General manager Jim Murray came up with a masterful bit of gamesmanship that week. It was well known that Dallas regarded its blue jerseys as unlucky. The players were more comfortable in their familiar white jerseys. For a title game, the home team has the prerogative to pick their jersey color. All season the Eagles wore green at home but for this game Murray notified the league office that the Eagles would wear white.

Of course, that meant the Cowboys had to wear blue. When team president Tex Schramm got the news, he flew into a rage. Score one for the Eagles' front office.

"They were very open about which colors they preferred," Vermeil says. "We thought, 'Why let them wear it?' It was just one more thing for them to think about."

It was bitterly cold in Philadelphia that week so Vermeil took the team to Tampa, Florida to practice. Their star running back Wilbert Montgomery was limping with a sore knee and bruised thigh. There were questions about how much he would be able to contribute. He spent long hours with trainer Otho Davis hoping to get ready. His knee gave out on Thursday and he was still hobbling when the team flew back to Philadelphia the following day.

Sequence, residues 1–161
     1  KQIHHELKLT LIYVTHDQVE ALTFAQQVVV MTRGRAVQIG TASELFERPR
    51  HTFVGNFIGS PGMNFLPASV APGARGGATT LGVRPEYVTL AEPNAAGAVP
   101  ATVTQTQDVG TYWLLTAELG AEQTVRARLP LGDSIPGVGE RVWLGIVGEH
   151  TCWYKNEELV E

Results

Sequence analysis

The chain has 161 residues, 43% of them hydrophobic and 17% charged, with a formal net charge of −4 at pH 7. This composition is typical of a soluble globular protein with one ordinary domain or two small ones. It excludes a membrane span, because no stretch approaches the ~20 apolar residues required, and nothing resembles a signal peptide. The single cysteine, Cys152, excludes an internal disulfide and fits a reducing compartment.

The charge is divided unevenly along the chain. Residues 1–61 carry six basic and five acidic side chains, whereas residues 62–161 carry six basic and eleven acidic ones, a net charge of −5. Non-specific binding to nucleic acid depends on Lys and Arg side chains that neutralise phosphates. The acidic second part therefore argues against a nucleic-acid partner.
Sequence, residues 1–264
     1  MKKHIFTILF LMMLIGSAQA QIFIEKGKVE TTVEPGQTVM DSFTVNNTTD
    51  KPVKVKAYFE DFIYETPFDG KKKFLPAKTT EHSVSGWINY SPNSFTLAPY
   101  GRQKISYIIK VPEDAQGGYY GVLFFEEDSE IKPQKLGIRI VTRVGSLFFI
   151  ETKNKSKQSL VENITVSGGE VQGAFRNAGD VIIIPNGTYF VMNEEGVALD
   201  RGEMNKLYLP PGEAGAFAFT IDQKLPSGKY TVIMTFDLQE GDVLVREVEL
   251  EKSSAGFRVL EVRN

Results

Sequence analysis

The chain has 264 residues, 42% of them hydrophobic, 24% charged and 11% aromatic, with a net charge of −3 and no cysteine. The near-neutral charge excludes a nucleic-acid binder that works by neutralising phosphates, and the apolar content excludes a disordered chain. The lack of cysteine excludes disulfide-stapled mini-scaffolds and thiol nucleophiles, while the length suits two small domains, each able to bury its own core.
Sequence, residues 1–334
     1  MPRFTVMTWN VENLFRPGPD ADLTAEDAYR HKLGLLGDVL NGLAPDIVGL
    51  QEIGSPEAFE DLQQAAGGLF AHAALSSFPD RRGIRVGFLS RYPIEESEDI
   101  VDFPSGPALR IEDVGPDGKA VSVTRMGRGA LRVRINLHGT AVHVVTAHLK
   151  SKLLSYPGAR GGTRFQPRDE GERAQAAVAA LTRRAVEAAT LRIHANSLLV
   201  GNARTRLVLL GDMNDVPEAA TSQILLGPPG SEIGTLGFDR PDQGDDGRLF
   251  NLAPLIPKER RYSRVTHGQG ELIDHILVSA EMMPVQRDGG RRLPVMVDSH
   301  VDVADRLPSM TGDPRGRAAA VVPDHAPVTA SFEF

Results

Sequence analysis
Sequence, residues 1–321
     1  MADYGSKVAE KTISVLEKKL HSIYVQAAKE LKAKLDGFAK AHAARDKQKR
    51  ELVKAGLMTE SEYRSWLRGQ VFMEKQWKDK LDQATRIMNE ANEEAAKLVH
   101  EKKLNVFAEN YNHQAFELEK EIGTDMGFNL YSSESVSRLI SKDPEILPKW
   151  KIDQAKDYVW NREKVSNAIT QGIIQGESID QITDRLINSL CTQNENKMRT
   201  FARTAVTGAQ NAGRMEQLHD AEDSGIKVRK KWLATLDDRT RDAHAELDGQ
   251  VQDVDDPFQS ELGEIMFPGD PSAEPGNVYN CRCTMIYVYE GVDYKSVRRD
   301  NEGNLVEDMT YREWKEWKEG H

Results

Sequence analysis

Asked about Montgomery's availability, Vermeil said only: "We'll see."

The doubts about Montgomery's health were answered almost immediately. On their second play from scrimmage, Jaworski handed off to Montgomery who started left then cut back through a wide open lane into the open field. He sprinted 42 yards for a touchdown that brought the 70,696 fans roaring to their feet.

"It looked like someone shot Wilbert out of a cannon," linebacker Bill Bergey says. "He exploded through there. I knew right then we couldn't lose."

"It wasn't just that we scored early, but we scored early on a running play," Jaworski says. "Nobody thought we could run like that on the Cowboys. It sent a message that we could take the ball and shove it down their throats. Weather conditions being what they were, the more physical team was going to win and we established right away that we had the edge."